The current campaign must feel like a weight has been taken off of Boyd’s shoulders. Though both playing less minutes than Boyd, Eamonn Brophy and Lee Erwin are both averaging over 0.2 xG per 90, at 0.68 and 0.23 respectively. Both are options off the bench for Kilmarnock that are capable of scoring. Along with other scoring options besides Boyd, the Killie attack also has considerably more options for players that can set up Kris Boyd and his fellow strikers.
As previously mentioned, no Killie players averaged over 0.1 xA per 90 minutes last season. Boyd has already bested that himself, averaging 0.16 xA per 90 minutes, but he is not alone. Along with Boyd, Gary Dicker, Brophy, Jordan Jones, Adam Frizzell, Stephen O’Donnell, Erwin, and Rory McKenzie have all appeared in at least a third of Killie’s available minutes and have averaged at least 0.1 or higher xA per 90 this season (0.20, 0.19, 0.17, 0.16 , 0.14, 0.13, and 0.12 respectively). Boyd is clearly flourishing with more creative support around him.
While he may not be interested in knowing the math behind it, there is no doubt Kris Boyd has been one of the better strikers in the SPFL according to the stats. Analytics skeptical players like we can presume Boyd is may not be interested in regression models and scatter plots, but they are surely interested in becoming better players and they are definitely interested in receiving praise. Praise and recognition for a player can lead to more playing time, improved contracts, and a move to a bigger club. Framing the discussion around football analytics to a skeptical player about how it can improve their career may be a bridge to understanding for them.
Many describe third place teams in the Champions League groups “parachuting” into the Europa League. If we apply this metaphor to Celtic’s performance in their final Champions League group match against Anderlecht, the Celtic plane suffered some turbulence before the crew ejected and headed into the Europa League and Stuart Armstrong was the drunk pilot doing shots of whiskey before take off.
Overly complicated metaphors aside, Stuart Armstrong’s performance in the first half at home to Anderlecht had many Celtic supporters ready to move on from the midfielder. Armstrong is coming off a season last year where he was seemingly the first name on the Celtic team sheet, getting call ups and starts for the Scottish National team, and even leading the Tartan Army to victory (albeit too little too late for the World Cup). Armstrong finished the SPFL season 13 goals and 6 assists, good for a 0.79 Goals + Assists per 90 minutes.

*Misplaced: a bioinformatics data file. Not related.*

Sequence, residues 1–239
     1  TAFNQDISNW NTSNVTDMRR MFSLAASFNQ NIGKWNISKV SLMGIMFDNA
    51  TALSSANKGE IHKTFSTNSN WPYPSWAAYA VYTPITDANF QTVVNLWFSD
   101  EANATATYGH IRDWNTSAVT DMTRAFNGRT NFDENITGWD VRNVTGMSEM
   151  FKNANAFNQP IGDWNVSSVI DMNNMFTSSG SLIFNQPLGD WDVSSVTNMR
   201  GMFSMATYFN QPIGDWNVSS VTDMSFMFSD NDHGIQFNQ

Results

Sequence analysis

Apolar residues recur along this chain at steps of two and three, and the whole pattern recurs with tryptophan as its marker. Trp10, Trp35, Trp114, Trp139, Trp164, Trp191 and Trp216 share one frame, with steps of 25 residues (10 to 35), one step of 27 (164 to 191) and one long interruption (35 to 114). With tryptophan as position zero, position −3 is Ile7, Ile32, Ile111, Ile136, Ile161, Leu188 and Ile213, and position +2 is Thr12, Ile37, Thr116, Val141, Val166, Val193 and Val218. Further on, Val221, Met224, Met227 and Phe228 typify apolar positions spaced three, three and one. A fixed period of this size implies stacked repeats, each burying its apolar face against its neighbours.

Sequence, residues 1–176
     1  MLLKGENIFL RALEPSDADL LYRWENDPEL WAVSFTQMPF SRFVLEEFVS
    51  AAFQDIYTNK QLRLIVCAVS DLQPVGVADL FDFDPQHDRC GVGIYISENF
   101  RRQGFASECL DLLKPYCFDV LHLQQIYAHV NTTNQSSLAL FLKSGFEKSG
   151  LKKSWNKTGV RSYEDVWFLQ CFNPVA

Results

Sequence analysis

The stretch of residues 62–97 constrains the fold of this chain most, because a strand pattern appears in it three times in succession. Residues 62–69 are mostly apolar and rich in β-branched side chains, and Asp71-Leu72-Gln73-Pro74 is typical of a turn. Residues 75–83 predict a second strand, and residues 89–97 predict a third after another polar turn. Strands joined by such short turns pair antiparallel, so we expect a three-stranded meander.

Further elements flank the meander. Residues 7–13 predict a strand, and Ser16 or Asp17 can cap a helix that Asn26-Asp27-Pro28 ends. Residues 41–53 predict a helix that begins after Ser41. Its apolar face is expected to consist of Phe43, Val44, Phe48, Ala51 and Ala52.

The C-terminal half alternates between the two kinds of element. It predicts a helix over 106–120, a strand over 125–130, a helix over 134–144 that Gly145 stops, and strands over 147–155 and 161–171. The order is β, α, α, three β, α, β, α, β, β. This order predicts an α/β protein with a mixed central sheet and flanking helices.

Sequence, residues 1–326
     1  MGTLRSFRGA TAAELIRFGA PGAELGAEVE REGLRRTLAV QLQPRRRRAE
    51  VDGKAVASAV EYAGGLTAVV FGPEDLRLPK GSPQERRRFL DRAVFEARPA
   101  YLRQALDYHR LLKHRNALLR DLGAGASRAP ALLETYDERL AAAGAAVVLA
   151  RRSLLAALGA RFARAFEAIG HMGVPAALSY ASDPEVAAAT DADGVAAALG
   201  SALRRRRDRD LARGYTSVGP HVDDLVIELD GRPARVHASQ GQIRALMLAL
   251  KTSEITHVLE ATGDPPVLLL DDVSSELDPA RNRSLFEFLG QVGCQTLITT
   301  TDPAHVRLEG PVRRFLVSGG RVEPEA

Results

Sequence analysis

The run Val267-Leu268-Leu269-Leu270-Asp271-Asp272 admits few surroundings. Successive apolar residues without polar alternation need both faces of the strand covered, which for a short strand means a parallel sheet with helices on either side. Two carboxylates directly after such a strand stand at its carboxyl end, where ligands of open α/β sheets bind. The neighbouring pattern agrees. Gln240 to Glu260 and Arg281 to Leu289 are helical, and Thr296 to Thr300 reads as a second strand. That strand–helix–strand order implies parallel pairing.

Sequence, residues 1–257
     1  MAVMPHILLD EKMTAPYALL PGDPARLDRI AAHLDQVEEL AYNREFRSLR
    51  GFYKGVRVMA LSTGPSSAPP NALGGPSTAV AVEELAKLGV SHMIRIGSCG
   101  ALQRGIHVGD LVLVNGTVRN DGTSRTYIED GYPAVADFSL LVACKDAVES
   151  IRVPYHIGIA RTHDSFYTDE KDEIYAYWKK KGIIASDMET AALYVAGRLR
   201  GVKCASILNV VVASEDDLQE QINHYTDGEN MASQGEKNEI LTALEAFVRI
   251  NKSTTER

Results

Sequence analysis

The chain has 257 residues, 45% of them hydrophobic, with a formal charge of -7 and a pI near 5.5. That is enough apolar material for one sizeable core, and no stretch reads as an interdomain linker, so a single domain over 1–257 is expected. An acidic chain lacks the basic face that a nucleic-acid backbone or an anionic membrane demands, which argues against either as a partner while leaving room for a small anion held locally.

However, as this season began and the good feeling surrounding the well quaffed midfielder started to fade away. Armstrong was on a contract that expired at the end of the season and seemed to be an impasse on a new agreement. Though a one year extension was eventually agreed to, as fans sometimes do, Celtic supporters were not too pleased with a player who seemed to be looking for greener pastures.
This feeling, combined with a reduction in goals and assists has only furthered the belief among some Celtic supporters that Stuart Armstrong is now surplus to requirements. Indeed, Armstrong is on the score sheet less, scoring only 1 goal and 3 assists so far in league play, 0.49 Goals + Assists per 90 minutes in the SPFL. These numbers have some Celtic fans asking, “What is wrong with Stuart Armstrong?”
And the answer to that question is “Nothing, thanks.” We can expand upon that answer and add a “regressing to the mean”. If you are here, you are likely at least somewhat familiar with the advanced stats in football and that they may tell us more about a players performance compared to traditional stats. While Armstrong may not be hitting the heights he did last season in goals and assists, what do these underlying stats such as xG, xA and others say?